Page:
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Why Natural Gas and the Electric Grid Must Work Together During Extreme Weather

by Scott Smith, President, Spire Midstream

Recent extreme weather events prove there is a consistent higher demand for electricity and natural gas. Those experiences show the need for operators of the electric grid and the gas system to have a coordinated approach to avoid blackouts and curtailment of gas service for home heating. 


Take 2021’s Winter Storm Uri. Freezing winter temperatures throughout the Central U.S., as far south as Texas, affected both natural gas and renewable energy production. Electric utilities needed more natural gas for power generation at the same time gas utilities needed more gas for home heating. Electric power outages were widespread, affecting more than 10 million customers in the U.S. and Mexico.  Or the next year’s Winter Storm Elliot, which impacted utilities and customers from coast-to-coast, with the Pacific Northwest experiencing extremely cold temperatures and a surge in demand for natural gas.


There is growing effort to ensure these two linked, complex systems can operate compatibly.


joint report recently released by the Federal Energy Regulatory Commission (FERC) and North American Electric Reliability Corp. (NERC) offers some guidance, with several recommendations for improving the ability of natural gas infrastructure and the electric grid to work together to maintain reliability during severe weather. Among their suggestions:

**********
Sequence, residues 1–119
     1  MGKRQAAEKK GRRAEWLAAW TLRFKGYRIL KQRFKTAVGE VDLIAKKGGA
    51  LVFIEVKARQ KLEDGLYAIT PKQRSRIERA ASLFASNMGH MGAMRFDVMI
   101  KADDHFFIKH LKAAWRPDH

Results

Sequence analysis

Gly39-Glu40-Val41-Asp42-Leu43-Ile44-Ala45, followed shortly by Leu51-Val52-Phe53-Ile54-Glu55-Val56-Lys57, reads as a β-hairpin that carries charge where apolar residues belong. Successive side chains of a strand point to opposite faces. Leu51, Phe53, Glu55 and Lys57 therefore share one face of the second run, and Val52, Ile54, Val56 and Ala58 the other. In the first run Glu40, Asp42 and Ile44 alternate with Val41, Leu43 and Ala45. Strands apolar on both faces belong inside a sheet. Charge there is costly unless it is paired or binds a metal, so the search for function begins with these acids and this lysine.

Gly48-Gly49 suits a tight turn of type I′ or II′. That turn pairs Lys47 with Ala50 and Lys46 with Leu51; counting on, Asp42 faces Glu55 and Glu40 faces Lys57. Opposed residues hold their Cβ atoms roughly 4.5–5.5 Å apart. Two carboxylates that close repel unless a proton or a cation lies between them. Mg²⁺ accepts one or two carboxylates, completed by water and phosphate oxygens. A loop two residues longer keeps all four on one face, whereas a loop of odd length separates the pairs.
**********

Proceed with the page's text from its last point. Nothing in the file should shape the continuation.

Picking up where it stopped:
• Improving communication between natural gas infrastructure operators and electric grid operators for better situational awareness during extreme conditions, including real-time visibility of natural gas pipeline utilization and capacity data.

  • Formation of a gas industry equivalent to NERC, to consider improving reliability standards. 

  • Research to determine whether additional natural gas infrastructure is needed to ensure reliability. 


Natural gas plays a vital role in power generation. Not only with more intermittent resources added to the grid, but also with power producers calling for high volumes of natural gas. It’s important for grid operators, gas storage facilities, and pipelines to ensure an interoperable energy system that can stand up to extremes.


Natural gas storage facilities, like those operated by Spire Midstream, function as a kind of “shock absorber” for the gas system, helping pipelines meet customer commitments, maintain pressure over hundreds or thousands of miles of pipeline, and balance gas supply and demand.


Keeping homes and businesses safe and warm during extreme weather events, and adequate gas supply to power generation facilities,  requires cooperation, collaboration and communication between operators of the nation’s electric grid and essential natural gas assets like gas storage facilities and pipelines. The joint report provides a framework for discussion for how utilities can work together to address this issue. 

Scott Smith is president of Spire Midstream, a business unit of Spire Inc. (NYSE: SR). Spire Midstream includes Spire Storage West; Spire Storage Salt Plains, in Oklahoma; Spire MoGas Pipeline; and Spire STL Pipeline. He serves as an associate member on the board of the Northwest Gas Association.

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